One of the Wilson brothers that were a member of the storied Beach Boys was Dennis Wilson. With their cousin Mike Love and friend Al Jardine, the brother’s Brian, Dennis, and Carl founded the band with the intention of forever changing the music industry with records like Pet Sounds (1966).
Dennis, the lone beach boy who surfed, came up with the idea for the concept of the band’s debut single, “Surfin’.”
Wilson primarily supported the Beach Boys on drums and with backing vocals. Contrary to the widespread belief, he was frequently replaced on record by musicians from the studio. His playing can be heard in many of the group’s successes.
His lead vocals on the band’s songs were sparse initially, but after their 1968 album Friends, he gained more notoriety as a singer-songwriter.
He is said to express his “edginess” and “a little of his cheerful charm” in his music. Little Bird (1968) and “Forever,” two of his original songs for the band, were among them (1970).
Friends and biographers said he was an uncredited writer on “You Are So Lovely,” a 1974 hit for Joe Cocker that Wilson frequently sang live.
Dennis Wilson Meets Charles Manson
Patricia Krenwinkel and Ella Jo Bailey were two female hitchhikers Wilson encountered while traveling through Malibu on April 6, 1968.
They were picked up and delivered to their destination by him. Wilson observed the identical two girls hitchhiking once more on April 11.
He brought them to his residence at 14400 Sunset Boulevard this time. “Told [the girls] about our engagement with the Maharishi,” he recounted, “and they told me they too had a guru, a guy named Charlie who’d just come out of jail after 12 years.”
Wilson subsequently left for a recording session; when he returned later that night, Charles Manson was waiting for him in his driveway.
When Wilson entered his house, there were around a dozen individuals, most young ladies. They then became referred to as “Manson Family” members. Manson claimed that he had met Wilson at least once before, when he went to a friend’s house in San Francisco to get some marijuana.
When Manson arrived in Los Angeles, he allegedly received Wilson’s invitation to visit his Sunset Boulevard home. Wilson first found Manson and his followers fascinating; at the time, he referred to Manson as “the Wizard” in a Rave magazine piece.
Following their connection, Wilson’s home became home to several Manson Family members, primarily women treated like servants, at a cost of about $100,000 (about $740,000 in 2020).
Many of these costs were spent on cars, clothing, food, and penicillin treatments for their chronic gonorrhea. The duration of this partnership was roughly six months. Wilson told Record Mirror in late 1968 that “when I met [Charlie], I thought he had terrific musical ideas.
” Now, now we’re writing together. Although he’s stupid in certain aspects, I respect his philosophy and have gained knowledge from him.
When questioned if he had supported the 17 women he claimed to have been living with, Wilson responded, “No, if anything, they’re helping me.
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I owned every sign of wealth—Rolls-Royces, Ferraris, mansion after mansion. After waking up, I gave away between 50% and 60% of my money. Now that I’ve discovered myself, I live in a little room with just one candle.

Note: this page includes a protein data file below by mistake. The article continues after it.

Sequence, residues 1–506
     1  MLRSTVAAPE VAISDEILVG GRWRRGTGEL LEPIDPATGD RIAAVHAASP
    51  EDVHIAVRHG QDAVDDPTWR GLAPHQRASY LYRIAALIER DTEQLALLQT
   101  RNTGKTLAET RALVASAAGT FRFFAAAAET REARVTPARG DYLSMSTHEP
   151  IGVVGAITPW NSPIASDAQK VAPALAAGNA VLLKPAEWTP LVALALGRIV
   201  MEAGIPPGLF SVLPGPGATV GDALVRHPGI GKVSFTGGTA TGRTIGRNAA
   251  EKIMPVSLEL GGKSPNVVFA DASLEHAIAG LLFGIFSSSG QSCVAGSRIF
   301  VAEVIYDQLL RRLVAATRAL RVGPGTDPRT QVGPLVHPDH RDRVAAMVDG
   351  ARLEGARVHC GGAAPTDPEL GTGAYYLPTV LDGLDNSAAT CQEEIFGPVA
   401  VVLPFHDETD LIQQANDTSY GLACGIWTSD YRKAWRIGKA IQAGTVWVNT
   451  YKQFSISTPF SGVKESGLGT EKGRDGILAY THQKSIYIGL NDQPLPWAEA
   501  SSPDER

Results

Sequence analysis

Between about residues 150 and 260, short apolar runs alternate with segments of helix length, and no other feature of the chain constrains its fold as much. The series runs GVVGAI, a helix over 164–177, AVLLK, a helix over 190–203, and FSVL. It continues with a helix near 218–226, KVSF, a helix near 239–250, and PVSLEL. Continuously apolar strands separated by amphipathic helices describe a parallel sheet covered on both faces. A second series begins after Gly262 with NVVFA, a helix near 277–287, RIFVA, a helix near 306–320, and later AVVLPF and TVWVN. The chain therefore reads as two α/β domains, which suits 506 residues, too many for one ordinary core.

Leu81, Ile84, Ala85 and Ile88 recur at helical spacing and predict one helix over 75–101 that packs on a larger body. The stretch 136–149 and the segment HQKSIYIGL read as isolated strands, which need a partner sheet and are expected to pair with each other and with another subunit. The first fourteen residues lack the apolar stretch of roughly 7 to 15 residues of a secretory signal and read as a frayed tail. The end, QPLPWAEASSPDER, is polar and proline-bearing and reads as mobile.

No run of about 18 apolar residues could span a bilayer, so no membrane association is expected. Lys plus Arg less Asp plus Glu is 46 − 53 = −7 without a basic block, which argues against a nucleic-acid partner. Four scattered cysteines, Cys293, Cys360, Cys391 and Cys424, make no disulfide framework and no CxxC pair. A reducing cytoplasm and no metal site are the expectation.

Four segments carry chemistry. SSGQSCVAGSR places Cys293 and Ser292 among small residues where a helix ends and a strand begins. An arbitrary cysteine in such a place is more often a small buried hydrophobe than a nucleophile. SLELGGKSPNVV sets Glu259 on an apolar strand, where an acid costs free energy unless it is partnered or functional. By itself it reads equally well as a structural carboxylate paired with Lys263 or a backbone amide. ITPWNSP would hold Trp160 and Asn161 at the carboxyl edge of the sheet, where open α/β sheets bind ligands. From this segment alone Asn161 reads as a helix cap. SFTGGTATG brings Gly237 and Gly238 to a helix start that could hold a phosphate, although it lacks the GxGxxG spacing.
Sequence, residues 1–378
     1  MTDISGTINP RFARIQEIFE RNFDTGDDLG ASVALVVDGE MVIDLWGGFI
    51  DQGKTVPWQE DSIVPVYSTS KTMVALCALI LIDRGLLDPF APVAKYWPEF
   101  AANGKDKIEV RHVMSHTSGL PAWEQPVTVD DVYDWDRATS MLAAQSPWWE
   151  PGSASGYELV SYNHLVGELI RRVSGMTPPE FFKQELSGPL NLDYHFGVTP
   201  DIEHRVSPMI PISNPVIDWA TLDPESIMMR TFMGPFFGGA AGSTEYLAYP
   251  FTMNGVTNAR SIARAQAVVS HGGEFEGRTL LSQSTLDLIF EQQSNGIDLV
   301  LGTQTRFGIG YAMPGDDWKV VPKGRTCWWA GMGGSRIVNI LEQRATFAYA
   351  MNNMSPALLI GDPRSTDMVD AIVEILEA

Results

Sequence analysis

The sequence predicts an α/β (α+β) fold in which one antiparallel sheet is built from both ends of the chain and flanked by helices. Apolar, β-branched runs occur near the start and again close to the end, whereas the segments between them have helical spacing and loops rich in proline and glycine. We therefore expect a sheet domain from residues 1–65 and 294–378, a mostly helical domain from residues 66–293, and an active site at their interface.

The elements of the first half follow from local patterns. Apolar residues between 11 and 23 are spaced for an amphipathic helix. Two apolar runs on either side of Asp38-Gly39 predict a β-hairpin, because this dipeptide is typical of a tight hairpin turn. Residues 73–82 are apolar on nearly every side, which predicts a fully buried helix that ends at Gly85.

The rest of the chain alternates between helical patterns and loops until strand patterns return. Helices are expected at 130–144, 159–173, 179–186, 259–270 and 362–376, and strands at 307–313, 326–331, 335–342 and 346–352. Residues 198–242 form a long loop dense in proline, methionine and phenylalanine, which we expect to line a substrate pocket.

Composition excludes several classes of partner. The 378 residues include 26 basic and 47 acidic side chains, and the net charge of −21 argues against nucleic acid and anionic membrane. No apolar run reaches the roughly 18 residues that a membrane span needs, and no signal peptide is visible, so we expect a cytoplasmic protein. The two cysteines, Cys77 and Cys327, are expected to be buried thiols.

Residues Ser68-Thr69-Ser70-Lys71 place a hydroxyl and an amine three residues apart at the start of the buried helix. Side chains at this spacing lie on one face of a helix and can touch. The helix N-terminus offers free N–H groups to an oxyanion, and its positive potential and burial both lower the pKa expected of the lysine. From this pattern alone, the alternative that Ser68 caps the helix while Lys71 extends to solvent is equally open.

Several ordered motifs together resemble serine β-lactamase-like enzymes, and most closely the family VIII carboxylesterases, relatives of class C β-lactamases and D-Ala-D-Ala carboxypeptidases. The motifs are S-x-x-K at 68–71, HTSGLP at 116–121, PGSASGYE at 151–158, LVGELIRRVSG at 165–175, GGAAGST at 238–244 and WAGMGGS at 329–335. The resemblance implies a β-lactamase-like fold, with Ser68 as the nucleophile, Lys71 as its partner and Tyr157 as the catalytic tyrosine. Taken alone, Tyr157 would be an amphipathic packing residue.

Wilson introduced Manson to a couple of his contacts in the music industry, notably Terry Melcher, the producer of the Byrds. At Brian’s home studio, Manson cut several songs, although the public has never heard the recordings.
The Manson sessions were completed “for Dennis and Terry Melcher,” according to band engineer Stephen Desper. Wilson recorded a Manson song for the Beach Boys in September 1968.
Originally named “Cease to Exist,” the piece was later altered and released as “Never Learn Not to Love” as a single B-side in December.
Only Wilson received credit for the writing. Wilson responded when asked why Manson was not given credit, saying that Manson had given up his publishing rights in exchange for “around a hundred thousand dollars’ worth of stuff.”
Wilson’s Mercedes-Benz and Ferrari were destroyed around this time; they had been driven to a mountain outside Spahn Ranch.
He was a spendthrift and irresponsible member repeatedly kicked out of the Beach Boys. He didn’t get along with Mike Love, his cousin. He struggled financially and could not pay for Harmony; as a result, the yacht was taken from him and sunk.
Despite the issues, he still created the album Pacific Ocean Blue, which immediately gained a cult following. The album Bambu was his next project. However, it was never released while he was still alive.
He struggled with illness, alcoholism, and drug addiction during his final years. Dennis needed the aid of his buddies because he was broke, prematurely old, and not a member of the Beach Boys.
Dennis Wilson’s Death Cause
The musician had been homeless and traveling since November 1983. He spent a few days in therapeutic facilities before being treated for hospital wounds. He would, however, always excuse himself and resume drinking.
Dennis drowned at Marina Del Rey on December 28, three weeks after turning 39, after binge drinking all morning and diving for his ex-possessions wife’s in the late afternoon.
Three years prior, in the heat of their divorce, he had already been thrown overboard in the marina from his yacht. Michael Hunter, a forensic pathologist, said Dennis had a shallow water blackout right before he passed away.
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